A study of these passages shows that while the angel and Yahweh are at times distinguished from each other, they are with equal frequency, and in the same passages, merged into each other. How is this to be explained? It is obvious that these apparitions cannot be the Almighty Himself, whom no man hath seen, or can see. In seeking the explanation, special attention should be paid to two of the passages above cited. In Ex 23:20 ff God promises to send an angel before His people to lead them to the promised land; they are commanded to obey him and not to provoke him "for he will not pardon your transgression: for my name is in him." Thus the angel can forgive sin, which only God can do, because God's name, i.e. His character and thus His authority, are in the angel. Further, in the passage Ex 32:34 through 33:17 Moses intercedes for the people after their first breach of the covenant; God responds by promising, "Behold mine angel shall go before thee"; and immediately after God says, "I will not go up in the midst of thee." In answer to further pleading, God says, "My presence shall go with thee, and I will give thee rest." Here a clear distinction is made between an ordinary angel, and the angel who carries with him God's presence. The conclusion may be summed up in the words of Davidson in his Old Testament Theology: "In particular providences one may trace the presence of Yahweh in influence and operation; in ordinary angelic appearances one may discover Yahweh present on some side of His being, in some attribute of His character; in the angel of the Lord He is fully present as the covenant God of His people, to redeem them." The question still remains, Who is theophanic angel? To this many answers have been given, of which the following may be mentioned: (1) This angel is simply an angel with a special commission; (2) He may be a momentary descent of God into visibility; (3) He may be the Logos, a kind of temporary preincarnation of the second person of the Trinity. Each has its difficulties, but the last is certainly the most tempting to the mind. Yet it must be remembered that at best these are only conjectures that touch on a great mystery. It is certain that from the beginning God used angels in human form, with human voices, in order to communicate with man; and the appearances of the angel of the Lord, with his special redemptive relation to God's people, show the working of that Divine mode of self-revelation which culminated in the coming of the Saviour, and are thus a fore-shadowing of, and a preparation for, the full revelation of God in Jesus Christ. Further than this, it is not safe to go.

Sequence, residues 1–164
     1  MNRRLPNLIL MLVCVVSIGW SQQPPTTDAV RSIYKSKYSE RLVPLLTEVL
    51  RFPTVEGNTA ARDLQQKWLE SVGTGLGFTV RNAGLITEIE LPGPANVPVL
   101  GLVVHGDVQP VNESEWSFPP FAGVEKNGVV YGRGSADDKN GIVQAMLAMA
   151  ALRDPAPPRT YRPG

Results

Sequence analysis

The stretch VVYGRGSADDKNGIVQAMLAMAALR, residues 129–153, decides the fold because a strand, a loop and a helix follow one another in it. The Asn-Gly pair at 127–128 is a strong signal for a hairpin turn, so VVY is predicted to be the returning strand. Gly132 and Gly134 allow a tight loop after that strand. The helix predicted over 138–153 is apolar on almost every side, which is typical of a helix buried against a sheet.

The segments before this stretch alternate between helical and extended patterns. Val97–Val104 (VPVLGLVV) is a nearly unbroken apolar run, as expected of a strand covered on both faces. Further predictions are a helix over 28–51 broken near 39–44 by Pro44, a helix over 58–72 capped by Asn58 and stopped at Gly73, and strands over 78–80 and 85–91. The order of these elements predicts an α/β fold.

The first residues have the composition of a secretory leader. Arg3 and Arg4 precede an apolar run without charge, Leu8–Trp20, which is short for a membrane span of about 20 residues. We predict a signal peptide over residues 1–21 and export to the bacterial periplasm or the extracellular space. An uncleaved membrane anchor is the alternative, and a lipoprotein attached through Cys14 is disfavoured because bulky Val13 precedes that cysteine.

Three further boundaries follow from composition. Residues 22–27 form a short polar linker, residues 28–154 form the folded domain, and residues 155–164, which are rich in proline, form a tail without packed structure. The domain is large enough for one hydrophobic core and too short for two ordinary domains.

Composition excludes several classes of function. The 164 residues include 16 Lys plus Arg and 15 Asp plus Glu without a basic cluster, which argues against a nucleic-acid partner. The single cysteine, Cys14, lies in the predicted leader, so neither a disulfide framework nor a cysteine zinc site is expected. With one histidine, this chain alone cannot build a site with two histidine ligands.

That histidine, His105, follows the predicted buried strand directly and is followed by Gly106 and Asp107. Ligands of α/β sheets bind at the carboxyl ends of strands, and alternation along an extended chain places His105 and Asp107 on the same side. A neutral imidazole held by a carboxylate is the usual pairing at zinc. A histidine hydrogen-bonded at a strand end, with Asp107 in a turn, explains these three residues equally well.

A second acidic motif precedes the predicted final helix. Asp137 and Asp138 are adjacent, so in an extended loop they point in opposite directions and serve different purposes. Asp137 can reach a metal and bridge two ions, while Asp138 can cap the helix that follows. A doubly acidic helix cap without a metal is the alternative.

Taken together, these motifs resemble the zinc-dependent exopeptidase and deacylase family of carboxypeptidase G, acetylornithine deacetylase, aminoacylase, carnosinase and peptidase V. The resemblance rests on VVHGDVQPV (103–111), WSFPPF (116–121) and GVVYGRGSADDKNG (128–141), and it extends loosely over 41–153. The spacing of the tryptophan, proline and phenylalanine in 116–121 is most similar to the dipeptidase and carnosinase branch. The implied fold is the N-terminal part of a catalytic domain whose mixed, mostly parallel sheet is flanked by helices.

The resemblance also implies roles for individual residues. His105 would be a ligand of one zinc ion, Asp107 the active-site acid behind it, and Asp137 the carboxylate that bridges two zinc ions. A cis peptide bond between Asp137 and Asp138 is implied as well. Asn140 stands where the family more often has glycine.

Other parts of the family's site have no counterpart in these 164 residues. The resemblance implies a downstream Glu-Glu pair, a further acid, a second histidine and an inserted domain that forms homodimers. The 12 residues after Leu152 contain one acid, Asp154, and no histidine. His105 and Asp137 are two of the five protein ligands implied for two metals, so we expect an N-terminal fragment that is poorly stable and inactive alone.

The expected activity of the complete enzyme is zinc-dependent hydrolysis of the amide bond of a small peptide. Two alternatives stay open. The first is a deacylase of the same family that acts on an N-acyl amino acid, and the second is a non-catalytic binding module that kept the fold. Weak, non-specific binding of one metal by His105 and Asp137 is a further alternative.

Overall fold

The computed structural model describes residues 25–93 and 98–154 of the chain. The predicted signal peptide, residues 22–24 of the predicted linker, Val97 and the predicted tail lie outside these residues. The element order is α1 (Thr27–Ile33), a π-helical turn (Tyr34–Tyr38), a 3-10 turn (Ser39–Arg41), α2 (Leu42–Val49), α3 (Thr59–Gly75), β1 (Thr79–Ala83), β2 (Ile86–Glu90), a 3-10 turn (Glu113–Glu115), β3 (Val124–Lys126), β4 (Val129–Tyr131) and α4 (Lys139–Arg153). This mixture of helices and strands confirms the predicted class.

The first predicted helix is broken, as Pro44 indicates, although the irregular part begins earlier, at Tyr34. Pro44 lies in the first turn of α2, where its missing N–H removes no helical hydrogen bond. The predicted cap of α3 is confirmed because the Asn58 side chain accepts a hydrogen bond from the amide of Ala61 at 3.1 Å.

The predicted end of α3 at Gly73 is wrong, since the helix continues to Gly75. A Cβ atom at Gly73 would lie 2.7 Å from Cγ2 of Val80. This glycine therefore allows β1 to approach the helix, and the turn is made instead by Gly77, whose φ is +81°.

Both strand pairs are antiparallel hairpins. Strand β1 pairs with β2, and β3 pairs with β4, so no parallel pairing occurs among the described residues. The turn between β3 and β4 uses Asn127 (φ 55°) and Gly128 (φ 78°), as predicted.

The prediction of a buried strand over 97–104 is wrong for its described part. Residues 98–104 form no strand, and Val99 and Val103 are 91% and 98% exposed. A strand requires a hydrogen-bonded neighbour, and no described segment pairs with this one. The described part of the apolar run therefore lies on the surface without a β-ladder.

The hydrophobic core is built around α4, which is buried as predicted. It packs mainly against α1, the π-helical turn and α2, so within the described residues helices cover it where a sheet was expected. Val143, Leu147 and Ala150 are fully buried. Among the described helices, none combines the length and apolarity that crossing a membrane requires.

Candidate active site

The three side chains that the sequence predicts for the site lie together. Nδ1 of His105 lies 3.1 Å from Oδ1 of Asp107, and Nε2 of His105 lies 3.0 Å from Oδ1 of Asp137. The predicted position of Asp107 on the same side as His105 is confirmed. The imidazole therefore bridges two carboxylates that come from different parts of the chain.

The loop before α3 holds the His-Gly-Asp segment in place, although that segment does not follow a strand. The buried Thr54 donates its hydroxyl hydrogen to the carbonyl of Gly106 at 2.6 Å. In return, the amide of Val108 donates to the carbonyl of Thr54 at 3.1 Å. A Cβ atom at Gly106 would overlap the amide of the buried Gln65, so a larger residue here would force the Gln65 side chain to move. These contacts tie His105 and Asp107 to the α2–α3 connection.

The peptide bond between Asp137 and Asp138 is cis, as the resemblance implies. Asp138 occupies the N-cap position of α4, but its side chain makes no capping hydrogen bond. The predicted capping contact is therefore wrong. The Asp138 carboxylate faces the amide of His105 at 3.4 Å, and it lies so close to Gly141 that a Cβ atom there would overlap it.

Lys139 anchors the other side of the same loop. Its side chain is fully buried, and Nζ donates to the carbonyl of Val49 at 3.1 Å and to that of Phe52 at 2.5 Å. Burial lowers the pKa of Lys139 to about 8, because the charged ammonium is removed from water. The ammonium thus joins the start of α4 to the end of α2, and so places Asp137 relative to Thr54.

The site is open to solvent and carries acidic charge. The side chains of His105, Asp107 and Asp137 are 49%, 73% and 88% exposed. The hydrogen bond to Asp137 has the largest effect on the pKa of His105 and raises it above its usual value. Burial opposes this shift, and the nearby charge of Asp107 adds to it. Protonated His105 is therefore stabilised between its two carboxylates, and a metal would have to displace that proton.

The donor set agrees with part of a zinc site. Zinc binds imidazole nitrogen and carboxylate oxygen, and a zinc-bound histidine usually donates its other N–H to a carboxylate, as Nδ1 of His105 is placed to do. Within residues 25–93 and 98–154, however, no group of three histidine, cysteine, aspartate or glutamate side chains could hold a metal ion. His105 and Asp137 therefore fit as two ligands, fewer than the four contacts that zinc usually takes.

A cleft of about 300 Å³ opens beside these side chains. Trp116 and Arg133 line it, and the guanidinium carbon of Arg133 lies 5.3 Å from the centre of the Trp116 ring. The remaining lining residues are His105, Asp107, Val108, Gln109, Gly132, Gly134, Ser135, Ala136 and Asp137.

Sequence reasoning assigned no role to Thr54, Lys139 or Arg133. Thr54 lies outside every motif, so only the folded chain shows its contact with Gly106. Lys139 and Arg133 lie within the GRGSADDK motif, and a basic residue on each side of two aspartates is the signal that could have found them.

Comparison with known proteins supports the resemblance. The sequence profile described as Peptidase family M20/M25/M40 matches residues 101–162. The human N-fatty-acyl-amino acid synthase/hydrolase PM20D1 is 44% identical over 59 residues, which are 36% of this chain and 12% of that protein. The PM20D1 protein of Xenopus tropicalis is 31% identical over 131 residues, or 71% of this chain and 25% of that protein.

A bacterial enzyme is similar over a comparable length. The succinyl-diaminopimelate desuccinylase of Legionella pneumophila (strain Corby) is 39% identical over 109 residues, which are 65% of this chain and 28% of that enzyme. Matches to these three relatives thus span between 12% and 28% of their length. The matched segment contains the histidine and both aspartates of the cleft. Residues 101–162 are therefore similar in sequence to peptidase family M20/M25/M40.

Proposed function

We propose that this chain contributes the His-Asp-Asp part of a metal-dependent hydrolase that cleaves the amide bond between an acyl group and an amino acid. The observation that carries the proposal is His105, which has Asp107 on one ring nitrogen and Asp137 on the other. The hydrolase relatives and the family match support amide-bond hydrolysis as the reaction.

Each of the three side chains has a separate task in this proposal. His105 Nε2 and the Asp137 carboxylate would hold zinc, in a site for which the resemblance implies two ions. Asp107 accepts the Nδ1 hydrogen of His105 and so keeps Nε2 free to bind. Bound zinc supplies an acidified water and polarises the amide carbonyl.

III. Angels in New Testament.
Nothing is related of angels in New Testament which is inconsistent with the teaching of Old Testament on the subject. Just as they are specially active in the beginning of Old Testament history, when God's people is being born, so they appear frequently in connection with the birth of Jesus, and again when a new order of things begins with the resurrection. An angel appears three times in dreams to Joseph (Mt 1:20; 2:13,19). The angel Gabriel appears to Zacharias, and then to Mary in the annunciation (Lk 1). An angel announces to the shepherds the birth of Jesus, and is joined by a "multitude of the heavenly host," praising God in celestial song (Lk 2:8 ff). When Jesus is tempted, and again during the agony at Gethsemane, angels appear to Him to strengthen His soul (Mt 4:11; Lk 22:43). The verse which tells how an angel came down to trouble the pool (Jn 5:4) is now omitted from the text as not being genuine. An angel descends to roll away the stone from the tomb of Jesus (Mt 28:2); angels are seen there by certain women (Lk 24:23) and (two) by Mary Magdalene (Jn 20:12). An angel releases the apostles from prison, directs Philip, appears to Peter in a dream, frees him from prison, smites Herod with sickness, appears to Paul in a dream (Acts 5:19; 8:26; 10:3; 12:7 ff; 12:23; 27:23). Once they appear clothed in white; they are so dazzling in appearance as to terrify beholders; hence they begin their message with the words "Fear not" (Mt 28:2-5).